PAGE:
Facts About the Eastern Tiger Swallow Tail Butterfly
The Eastern Tiger Swallow Tail Butterfly
Flitting about the fields or dancing in the garden breezes of summer, the Eastern tiger swallow tail (Pterourus glaucus) is a familiar site in temperate areas in the United States. It's found in North America east of the Rocky Mountains and as far north as Ontario. To the south, the butterflies are found as far south as Mexico.
The Eastern tiger swallow tail is the state butterfly of Virginia, and in the summer months you'll see plenty of them dancing along the weeds growing by the roadside, flitting about the forest trees, and congregating on mud puddles on gravel roads. These butterflies are all seeking food and nutrients in preparation for mating and continuing their life cycle. Among all the butterflies, the Eastern tiger swallow tail is perhaps the easiest to identify, and the easiest to attract to the garden within its habitat range.
The Eastern tiger swallow tail is fairly easy to identify. It is about 3 inches long and either yellow or black in color, with orange, brown or blue spots along the edges of the lower wings. Black bands appear on the yellow wings. The ends of the wings taper into points, creating the 'swallow tail' effect. The wingspan can be up to six inches. The tails of the Eastern tiger swallow tail are always black.
Life Cycle of the Eastern Tiger Swallow Tail
During the summer months, adult Eastern tiger swallow tail butterflies seek mates. After mating, the female lays brown eggs on the underside of the leaves of various plants. The eggs are often laid singly, with one egg per leaf. She prefers to find tulip tree leaves or black cherry tree leaves for her eggs, which is why you will often find Eastern tiger swallow tails in and around the woods.
When the caterpillars emerge, they are brown at first, but will turn to a bright green color over time. The caterpillars have false eye spots, and if threatened, can stand up on their hind ends. This makes them look like tiny snakes, which may be enough to threaten away a hungry bird or other predator. If that's not enough, they'll secrete a bit of liquid which has an awful smell, another way of telling predators, "Go away!"
The caterpillars eat leaves of deciduous trees and woody plants before finding a safe shrub or tree to turn into a chrysalid. The chrysalids overwinter, protected by the boughs of the trees, until they are ready to emerge during the warm days of spring as adult butterflies and begin the life cycle again.
Plants for Butterflies
The Eastern tiger swallow tail needs a variety of woody plants and trees in order to thrive. Females lay their eggs on tulip tree and black cherry tree leaves, but the adults and caterpillars eat different plants for food.
Caterpillars require host plants for food and eat the leaves of various deciduous trees:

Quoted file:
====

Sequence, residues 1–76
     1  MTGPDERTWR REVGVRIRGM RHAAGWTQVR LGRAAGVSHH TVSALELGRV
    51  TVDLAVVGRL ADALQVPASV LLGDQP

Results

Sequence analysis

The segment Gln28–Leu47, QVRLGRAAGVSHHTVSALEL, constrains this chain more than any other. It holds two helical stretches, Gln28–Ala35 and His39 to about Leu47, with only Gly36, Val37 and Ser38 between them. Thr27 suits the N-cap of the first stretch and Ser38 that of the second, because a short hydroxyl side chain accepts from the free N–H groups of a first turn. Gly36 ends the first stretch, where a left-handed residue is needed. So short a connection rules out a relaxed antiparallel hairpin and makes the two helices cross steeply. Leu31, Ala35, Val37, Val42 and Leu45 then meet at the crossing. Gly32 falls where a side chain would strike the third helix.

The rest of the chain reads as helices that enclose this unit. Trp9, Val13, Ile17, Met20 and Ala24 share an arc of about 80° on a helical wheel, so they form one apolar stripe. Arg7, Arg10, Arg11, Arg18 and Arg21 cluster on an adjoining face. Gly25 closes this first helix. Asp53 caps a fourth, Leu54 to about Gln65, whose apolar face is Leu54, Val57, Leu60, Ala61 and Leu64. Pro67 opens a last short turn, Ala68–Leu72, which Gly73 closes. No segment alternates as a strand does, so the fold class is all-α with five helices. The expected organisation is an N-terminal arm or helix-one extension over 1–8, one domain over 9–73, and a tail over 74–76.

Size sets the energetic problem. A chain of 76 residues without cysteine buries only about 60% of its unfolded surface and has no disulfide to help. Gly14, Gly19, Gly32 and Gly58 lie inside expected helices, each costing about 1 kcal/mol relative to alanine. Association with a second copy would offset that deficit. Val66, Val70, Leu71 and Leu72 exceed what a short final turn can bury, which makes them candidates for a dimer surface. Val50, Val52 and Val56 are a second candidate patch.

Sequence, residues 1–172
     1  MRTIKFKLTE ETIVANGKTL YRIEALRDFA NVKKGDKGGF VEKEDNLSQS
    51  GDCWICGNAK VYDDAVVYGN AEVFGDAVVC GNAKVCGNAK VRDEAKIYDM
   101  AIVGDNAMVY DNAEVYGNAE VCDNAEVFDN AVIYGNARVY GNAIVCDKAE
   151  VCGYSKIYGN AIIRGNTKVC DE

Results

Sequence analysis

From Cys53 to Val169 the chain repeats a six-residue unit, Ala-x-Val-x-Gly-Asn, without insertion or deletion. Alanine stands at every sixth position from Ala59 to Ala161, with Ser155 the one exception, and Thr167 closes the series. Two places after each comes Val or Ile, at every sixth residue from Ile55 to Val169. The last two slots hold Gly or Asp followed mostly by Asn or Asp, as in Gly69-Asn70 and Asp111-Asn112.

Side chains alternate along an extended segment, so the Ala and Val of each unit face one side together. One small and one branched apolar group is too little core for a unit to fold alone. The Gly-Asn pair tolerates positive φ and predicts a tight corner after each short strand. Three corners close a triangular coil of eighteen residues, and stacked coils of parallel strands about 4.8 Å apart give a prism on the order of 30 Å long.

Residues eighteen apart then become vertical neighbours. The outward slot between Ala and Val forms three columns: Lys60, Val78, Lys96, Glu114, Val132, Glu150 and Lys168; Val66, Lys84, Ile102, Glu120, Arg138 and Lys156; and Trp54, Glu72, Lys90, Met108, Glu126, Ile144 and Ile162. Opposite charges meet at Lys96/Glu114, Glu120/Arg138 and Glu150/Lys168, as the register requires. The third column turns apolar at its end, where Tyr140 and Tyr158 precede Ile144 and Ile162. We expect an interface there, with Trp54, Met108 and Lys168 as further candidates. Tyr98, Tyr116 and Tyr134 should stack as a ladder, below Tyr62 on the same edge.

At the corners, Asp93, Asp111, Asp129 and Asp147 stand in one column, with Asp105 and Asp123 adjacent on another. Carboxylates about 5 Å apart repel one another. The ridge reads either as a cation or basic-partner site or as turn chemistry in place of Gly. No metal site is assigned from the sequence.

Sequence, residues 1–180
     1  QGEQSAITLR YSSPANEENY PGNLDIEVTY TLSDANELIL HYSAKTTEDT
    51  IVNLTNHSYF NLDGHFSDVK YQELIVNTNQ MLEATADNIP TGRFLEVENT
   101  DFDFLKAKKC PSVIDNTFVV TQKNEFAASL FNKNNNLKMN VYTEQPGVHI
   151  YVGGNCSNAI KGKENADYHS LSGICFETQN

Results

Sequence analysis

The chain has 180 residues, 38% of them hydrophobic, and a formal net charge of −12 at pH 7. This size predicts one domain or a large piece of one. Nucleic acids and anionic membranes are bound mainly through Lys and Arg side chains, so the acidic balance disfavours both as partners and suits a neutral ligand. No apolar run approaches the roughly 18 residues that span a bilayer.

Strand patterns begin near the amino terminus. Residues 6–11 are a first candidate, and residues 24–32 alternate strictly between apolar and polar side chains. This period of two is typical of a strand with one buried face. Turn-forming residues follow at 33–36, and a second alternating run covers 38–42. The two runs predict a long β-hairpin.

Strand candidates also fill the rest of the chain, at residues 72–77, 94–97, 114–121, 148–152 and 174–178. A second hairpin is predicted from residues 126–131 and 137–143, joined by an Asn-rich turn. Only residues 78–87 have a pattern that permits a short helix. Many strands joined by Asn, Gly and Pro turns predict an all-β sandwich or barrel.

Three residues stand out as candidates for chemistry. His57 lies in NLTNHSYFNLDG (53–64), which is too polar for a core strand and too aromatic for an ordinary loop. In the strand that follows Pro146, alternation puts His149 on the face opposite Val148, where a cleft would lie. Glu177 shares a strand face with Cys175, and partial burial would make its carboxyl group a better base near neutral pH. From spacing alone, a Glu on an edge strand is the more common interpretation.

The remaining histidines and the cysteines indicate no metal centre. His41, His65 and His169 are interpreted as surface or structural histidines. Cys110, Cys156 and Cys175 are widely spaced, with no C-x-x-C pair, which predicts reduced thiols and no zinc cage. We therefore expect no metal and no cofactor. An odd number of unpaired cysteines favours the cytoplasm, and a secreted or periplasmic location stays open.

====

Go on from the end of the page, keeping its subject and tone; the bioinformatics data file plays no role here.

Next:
- Black cherry
Adult butterflies feed on a variety of wild and garden flowers. Flowers that attract the Eastern tiger swallow tail include:
- Buddleia or butterfly bush. Most of the photographs that accompany this article were taken in my garden, where the tiger swallow tails love to perch on the butterfly bushes. Butterfly bushes can be invasive, so make sure you have plenty of room for them if you choose to plant them.
- Echinacea, also called purple coneflower. This native North American perennial is a favorite for many types of butterflies but especially for the Eastern tiger swallow tail. Purple, yellow and white varieties are available.
- Day lilies are another native perennial suitable for butterflies
- Annuals such as petunias, geraniums, lantana and marigolds
- Eastern Tiger Swallowtail - Papilio glaucus - NatureWorks
The color of the eastern tiger swallowtail can vary. Males are yellow or yellow-orange with black tiger stripes. Their wings are bordered in black with yellow spots and there are black
- Eastern Tiger Swallowtail Butterfly
Tiger Swallowtail, Butterflies of Northern Virginia, as described by the Prince William Conservation Alliance
- eastern tiger swallowtail
- Male Eastern tiger swallow tails are always yellow.
- Females can be black or yellow. If they're yellow, they tend to have more or larger blue and orange spots on the tail.
- Males congregate together on mud puddles. This is aptly called "puddling". Scientists aren't sure why only males puddle, but they suspect that the moist earth and rocks provide the males with minerals necessary to produce pheromones, scent chemicals that help attract females.
- The Eastern pipevine butterfly looks a lot like a swallow tail, but the spots are orange and bigger.
- Adult butterflies only drink nectar. They won't harm your plants.
- Any chemical insecticides you spray to kill bad bugs can also kill butterflies, so if you really love butterflies in the garden, use only organic gardening methods and avoid harsh chemicals.
- Males do not stick together for long. While they may congregate near mud puddles, they like to be off by themselves. Females too tend to be loners.